How the internet of things could make media physical again. Not so long ago, every act of consumption began with a ritual. We pulled records from sleeves and perched them on turntables, slid books from shelves, watched as VHS tapes were ingested with a soft ca-chunk. Qleek, from Paris-based startup Ozenge, aims to return our digital media to a state in which they can be collected, stored, handled, played and shared in the same way that physical media were, once.
The makers of Qleek want you to pick up a wooden hexagon printed with, for example, the artwork for an album or mix, place it on a reader, and hear the corresponding tracks play on your device of choice. At first, Qleek sounds as if it will only interest the kind of nostalgics who want their houseguests to see how refined is their taste. But it’s an example of a larger phenomenon with the potential to redefine the nature of human-computer interfaces. The problem: virtual interfaces don’t engage critical human talents Approaching a solution: cheap connected devices. The “internet of things” may not always need an internet connection. Difference Engine: The internet of nothings. Why bendable electronics could be the future of the internet of things. Intel's IoT vision sees far more than chips. Intel is bringing all its assets to bear on the Internet of Things, a hot topic for nearly all IT vendors but one that's especially critical to big chip makers.
While Intel would like to see its low-power chips used in sensors, wearables and other hardware that will ship in huge numbers if the industry's IoT dreams come true, it also has software, security and infrastructure to add to the mix. In the short run, those may matter more than the silicon itself. At an event in San Francisco on Tuesday, the company announced what it calls the Intel IoT Platform, a combination of hardware, software and partnerships designed to help its customers quickly churn out complete systems. Intel also introduced its latest IoT gateway design, plus security and management capabilities that will be part of that platform. "It really is an end to end play," said Doug Fisher, vice president and general manager of the Intel Software and Services Group. Join the Computerworld newsletter!
The hidden environmental cost of the Internet of Things. Analyst firm Gartner is forecasting that the IoT will encompass some 30 billion connected devices by 2020. And while networking vendor Cisco has pegged the IoT's value at $14.4 trillion between 2013 and 2022, questions are being asked over its potential environment cost. What becomes of these thousands of sensors and smart devices once they reach EOL?
Bettina Tratz-Ryan, research VP and green IT specialist with Gartner, says that this is one of her biggest concerns around the growth of the IoT. “Gartner has forecast that by 2020 we will have 26 billion items deployed in the world; what happens to these sensors, once they go into the waste bin? " "Are they ending up in landfills? Australians already generate more than 140,000 tonnes of e-waste each year, according to City of Sydney. It starts at creation "It would also facilitate the enforcement of regulations restricting the use of certain hazardous substances.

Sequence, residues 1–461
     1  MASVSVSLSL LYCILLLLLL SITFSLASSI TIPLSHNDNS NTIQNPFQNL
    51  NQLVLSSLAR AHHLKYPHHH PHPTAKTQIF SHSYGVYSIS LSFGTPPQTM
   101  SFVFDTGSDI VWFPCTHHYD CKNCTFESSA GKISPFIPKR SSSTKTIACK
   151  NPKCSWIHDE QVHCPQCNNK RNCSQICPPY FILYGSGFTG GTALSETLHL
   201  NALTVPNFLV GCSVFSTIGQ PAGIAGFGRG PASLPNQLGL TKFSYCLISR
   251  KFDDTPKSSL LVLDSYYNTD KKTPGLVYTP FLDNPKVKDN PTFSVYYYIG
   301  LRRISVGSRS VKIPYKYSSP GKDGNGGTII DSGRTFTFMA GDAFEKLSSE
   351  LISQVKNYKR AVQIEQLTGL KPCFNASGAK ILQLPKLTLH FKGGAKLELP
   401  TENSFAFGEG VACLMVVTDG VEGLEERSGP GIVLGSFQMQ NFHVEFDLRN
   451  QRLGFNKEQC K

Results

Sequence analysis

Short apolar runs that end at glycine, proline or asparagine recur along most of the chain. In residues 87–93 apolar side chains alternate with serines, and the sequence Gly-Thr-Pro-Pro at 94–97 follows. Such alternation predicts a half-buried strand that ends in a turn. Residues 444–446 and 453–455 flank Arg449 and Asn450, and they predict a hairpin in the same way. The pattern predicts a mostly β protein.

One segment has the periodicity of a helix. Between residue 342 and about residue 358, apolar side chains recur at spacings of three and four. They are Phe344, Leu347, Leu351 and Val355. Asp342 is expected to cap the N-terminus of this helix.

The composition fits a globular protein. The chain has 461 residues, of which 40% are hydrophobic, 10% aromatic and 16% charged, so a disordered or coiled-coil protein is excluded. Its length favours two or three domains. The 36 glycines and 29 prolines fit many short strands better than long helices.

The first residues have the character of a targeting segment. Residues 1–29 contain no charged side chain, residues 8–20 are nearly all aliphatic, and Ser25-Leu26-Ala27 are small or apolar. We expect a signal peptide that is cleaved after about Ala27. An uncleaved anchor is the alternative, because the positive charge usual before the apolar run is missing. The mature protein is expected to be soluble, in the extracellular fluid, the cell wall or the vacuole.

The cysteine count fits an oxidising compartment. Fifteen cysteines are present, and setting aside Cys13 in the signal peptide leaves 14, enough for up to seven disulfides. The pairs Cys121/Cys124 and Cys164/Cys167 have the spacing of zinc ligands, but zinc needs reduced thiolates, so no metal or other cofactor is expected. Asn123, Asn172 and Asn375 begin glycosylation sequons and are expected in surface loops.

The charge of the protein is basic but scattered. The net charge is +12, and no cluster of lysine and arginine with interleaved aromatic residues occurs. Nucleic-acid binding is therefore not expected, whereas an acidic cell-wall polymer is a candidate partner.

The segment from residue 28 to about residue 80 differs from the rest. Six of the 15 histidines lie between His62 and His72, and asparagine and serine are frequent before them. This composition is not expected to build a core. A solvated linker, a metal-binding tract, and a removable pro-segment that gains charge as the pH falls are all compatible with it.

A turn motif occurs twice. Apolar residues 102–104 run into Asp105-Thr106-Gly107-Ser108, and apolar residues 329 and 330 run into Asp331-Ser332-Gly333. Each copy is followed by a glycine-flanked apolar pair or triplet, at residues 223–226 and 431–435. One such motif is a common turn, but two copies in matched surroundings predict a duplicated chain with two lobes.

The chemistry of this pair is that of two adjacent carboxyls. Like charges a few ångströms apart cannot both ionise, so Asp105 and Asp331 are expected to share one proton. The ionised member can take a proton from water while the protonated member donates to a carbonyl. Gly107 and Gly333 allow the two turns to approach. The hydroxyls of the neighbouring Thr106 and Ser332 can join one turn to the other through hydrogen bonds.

" Recovery and recycling Can the IoT save the planet? Shared responsibility. How Smart, Connected Products Are Transforming Competition. Information technology is revolutionizing products. Once composed solely of mechanical and electrical parts, products have become complex systems that combine hardware, sensors, data storage, microprocessors, software, and connectivity in myriad ways. These “smart, connected products”—made possible by vast improvements in processing power and device miniaturization and by the network benefits of ubiquitous wireless connectivity—have unleashed a new era of competition.
Smart, connected products offer exponentially expanding opportunities for new functionality, far greater reliability, much higher product utilization, and capabilities that cut across and transcend traditional product boundaries. The changing nature of products is also disrupting value chains, forcing companies to rethink and retool nearly everything they do internally. These new types of products alter industry structure and the nature of competition, exposing companies to new competitive opportunities and threats. Design. How Smart, Connected Products Are Transforming Competition. Internet of Things. The Internet of Things (IoT) is the network of physical objects or "things" embedded with electronics, software, sensors and connectivity to enable it to achieve greater value and service by exchanging data with the manufacturer, operator and/or other connected devices.
Each thing is uniquely identifiable through its embedded computing system but is able to interoperate within the existing Internet infrastructure. The term “Internet of Things” was first documented by a British visionary, Kevin Ashton, in 1999. Typically, IoT is expected to offer advanced connectivity of devices, systems, and services that goes beyond machine-to-machine communications (M2M) and covers a variety of protocols, domains, and applications. The interconnection of these embedded devices (including smart objects), is expected to usher in automation in nearly all fields, while also enabling advanced applications like a Smart Grid. Early history In its original interpretation,[when?]
Media In the Modern World of IT, All Things Are Connected. Richard Gordon Research VP 14 years at Gartner 23 years IT industry Richard Gordon is a research vice president in Gartner Research. He has worldwide responsibility for Gartner's Global IT Market Forecasting. Read Full Bio Coverage Areas: by Richard Gordon | February 24, 2014 | Comments Off And so to another year. In our forecast kick-off meeting for 2014, we discussed possible themes for our quarterly webinars during 2014 (the first is on 8 April).
Each on its own is a rich seam of relevant, fascinating research. My colleagues Peter Middleton, Peter Kjeldsen and Jim Tully highlighted in their IoT forecast report that the growth in Internet of things will far exceed that of other connected devices. Source: “Forecast: The Internet of Things, Worldwide, 2013”, November 2013 There’s not much else to say at this point. Category: Uncategorized Tags: